During bit-depth reduction, e.g. from 24 to 16 bits, quantization errors can introduce unwanted distortion. The process of dither can counteract that distortion. A low-level noise source is introduced, and the noise (called dither, typically white noise that has had filtering applied, often called noise-shaping) prevents the squaring-off of waveforms around the least significant bit, thus keeping the signal just above the threshold of the least significant bit. This results in smoother sound at the reduced resolution (lower bit rate).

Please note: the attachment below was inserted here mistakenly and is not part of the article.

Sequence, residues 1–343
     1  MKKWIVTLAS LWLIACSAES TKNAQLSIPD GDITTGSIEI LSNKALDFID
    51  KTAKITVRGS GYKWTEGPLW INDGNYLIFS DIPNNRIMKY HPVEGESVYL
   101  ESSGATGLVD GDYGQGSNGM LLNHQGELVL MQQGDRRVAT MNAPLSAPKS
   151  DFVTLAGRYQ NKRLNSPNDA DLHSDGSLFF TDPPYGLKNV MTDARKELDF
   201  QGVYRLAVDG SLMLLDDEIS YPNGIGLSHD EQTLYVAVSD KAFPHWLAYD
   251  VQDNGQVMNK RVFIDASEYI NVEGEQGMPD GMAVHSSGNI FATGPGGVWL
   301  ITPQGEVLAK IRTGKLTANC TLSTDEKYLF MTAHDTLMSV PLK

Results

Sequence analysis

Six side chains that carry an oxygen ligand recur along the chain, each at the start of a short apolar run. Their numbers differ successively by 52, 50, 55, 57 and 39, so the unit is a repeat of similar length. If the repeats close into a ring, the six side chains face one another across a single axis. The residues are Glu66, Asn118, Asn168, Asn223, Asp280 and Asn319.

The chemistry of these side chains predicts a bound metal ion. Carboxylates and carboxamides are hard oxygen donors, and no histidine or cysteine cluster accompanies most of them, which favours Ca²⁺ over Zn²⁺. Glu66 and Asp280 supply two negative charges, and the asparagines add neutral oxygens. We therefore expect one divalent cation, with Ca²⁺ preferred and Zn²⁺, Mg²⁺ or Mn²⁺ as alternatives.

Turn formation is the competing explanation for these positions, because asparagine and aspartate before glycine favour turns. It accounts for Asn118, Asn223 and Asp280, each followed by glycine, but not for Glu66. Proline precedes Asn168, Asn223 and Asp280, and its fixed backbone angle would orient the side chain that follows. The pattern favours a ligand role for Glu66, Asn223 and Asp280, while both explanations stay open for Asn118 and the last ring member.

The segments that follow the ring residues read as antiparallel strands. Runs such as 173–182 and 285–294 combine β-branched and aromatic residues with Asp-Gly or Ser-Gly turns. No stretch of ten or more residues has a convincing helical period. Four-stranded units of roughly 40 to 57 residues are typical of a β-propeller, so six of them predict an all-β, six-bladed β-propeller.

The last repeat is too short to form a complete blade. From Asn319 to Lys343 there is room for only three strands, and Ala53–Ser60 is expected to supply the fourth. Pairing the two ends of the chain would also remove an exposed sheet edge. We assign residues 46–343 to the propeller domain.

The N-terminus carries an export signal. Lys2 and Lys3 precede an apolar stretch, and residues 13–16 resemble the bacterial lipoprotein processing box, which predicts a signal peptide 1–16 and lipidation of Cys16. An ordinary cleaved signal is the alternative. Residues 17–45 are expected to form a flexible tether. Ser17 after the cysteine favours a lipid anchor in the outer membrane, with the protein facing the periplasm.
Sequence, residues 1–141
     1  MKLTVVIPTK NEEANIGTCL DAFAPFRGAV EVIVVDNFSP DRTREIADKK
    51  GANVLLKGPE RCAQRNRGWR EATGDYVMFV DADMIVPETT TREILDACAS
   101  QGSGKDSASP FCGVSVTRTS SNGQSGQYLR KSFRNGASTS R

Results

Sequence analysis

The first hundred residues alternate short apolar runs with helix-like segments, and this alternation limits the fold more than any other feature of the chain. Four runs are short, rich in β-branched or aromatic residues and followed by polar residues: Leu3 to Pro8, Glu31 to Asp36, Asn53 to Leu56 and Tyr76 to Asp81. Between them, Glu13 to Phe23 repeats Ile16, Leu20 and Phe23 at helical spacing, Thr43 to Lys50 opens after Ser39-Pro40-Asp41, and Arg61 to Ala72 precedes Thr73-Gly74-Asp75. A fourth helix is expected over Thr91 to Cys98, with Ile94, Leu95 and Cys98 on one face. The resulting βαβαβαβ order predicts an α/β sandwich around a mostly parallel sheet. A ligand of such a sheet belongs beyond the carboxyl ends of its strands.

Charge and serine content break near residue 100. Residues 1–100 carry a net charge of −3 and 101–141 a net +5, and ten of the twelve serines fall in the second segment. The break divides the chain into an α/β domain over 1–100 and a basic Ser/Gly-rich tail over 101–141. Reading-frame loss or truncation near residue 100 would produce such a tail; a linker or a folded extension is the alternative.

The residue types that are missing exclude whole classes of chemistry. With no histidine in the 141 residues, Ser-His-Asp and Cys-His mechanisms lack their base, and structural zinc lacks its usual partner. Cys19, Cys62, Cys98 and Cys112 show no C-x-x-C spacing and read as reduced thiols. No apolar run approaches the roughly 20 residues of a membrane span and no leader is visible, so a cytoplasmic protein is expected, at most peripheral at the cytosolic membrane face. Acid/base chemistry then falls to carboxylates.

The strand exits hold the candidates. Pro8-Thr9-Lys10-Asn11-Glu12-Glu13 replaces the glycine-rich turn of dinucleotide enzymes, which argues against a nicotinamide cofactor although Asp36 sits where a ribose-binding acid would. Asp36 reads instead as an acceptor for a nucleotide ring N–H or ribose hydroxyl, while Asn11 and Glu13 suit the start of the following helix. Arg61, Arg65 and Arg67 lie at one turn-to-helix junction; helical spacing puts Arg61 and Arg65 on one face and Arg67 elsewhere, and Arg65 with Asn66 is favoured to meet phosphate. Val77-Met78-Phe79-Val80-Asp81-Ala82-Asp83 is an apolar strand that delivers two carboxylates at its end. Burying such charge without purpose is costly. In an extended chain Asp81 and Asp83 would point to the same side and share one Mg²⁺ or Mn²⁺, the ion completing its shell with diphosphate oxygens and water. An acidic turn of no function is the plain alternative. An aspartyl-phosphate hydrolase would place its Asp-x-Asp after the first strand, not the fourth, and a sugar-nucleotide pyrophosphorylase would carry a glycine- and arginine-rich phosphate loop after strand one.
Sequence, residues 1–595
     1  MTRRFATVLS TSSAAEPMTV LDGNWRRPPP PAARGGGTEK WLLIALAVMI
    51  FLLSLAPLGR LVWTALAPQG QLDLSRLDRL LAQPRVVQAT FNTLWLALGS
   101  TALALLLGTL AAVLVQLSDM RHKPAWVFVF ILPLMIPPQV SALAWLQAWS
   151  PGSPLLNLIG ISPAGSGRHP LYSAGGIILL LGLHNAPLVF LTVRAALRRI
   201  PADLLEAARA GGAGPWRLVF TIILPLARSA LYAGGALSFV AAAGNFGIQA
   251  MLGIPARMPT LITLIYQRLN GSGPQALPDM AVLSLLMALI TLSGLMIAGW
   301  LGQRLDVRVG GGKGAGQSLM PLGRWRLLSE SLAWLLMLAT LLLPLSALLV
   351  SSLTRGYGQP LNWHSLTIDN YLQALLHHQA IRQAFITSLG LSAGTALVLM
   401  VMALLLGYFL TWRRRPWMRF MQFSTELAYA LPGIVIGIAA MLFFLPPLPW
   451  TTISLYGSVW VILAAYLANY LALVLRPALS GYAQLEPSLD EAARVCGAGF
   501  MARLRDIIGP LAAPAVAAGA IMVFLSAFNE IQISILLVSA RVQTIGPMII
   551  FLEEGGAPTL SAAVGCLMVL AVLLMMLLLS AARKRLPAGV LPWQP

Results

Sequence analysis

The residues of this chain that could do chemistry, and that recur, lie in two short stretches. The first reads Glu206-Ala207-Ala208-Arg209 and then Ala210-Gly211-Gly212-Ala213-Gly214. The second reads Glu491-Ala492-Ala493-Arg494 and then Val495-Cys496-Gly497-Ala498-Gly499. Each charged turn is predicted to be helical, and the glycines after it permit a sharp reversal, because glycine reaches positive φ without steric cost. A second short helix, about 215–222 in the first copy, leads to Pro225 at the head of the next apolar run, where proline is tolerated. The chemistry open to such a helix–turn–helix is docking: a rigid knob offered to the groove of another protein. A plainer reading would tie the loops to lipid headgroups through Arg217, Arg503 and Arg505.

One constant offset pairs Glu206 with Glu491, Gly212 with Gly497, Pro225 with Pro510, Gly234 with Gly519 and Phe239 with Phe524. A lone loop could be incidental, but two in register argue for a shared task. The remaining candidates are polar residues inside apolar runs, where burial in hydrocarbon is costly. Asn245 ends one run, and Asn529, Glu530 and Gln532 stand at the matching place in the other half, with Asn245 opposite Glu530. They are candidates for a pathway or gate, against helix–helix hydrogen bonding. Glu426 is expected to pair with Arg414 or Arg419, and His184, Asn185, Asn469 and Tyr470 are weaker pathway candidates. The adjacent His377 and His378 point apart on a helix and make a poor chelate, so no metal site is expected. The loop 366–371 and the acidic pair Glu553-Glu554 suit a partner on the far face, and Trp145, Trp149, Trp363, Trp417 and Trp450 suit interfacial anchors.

Dithering is programmed into devices and software programs, and different programmers do it differently, so choosing one device or program over another to do your bit-depth reduction can produce greatly differing results - trial and error is often recommended.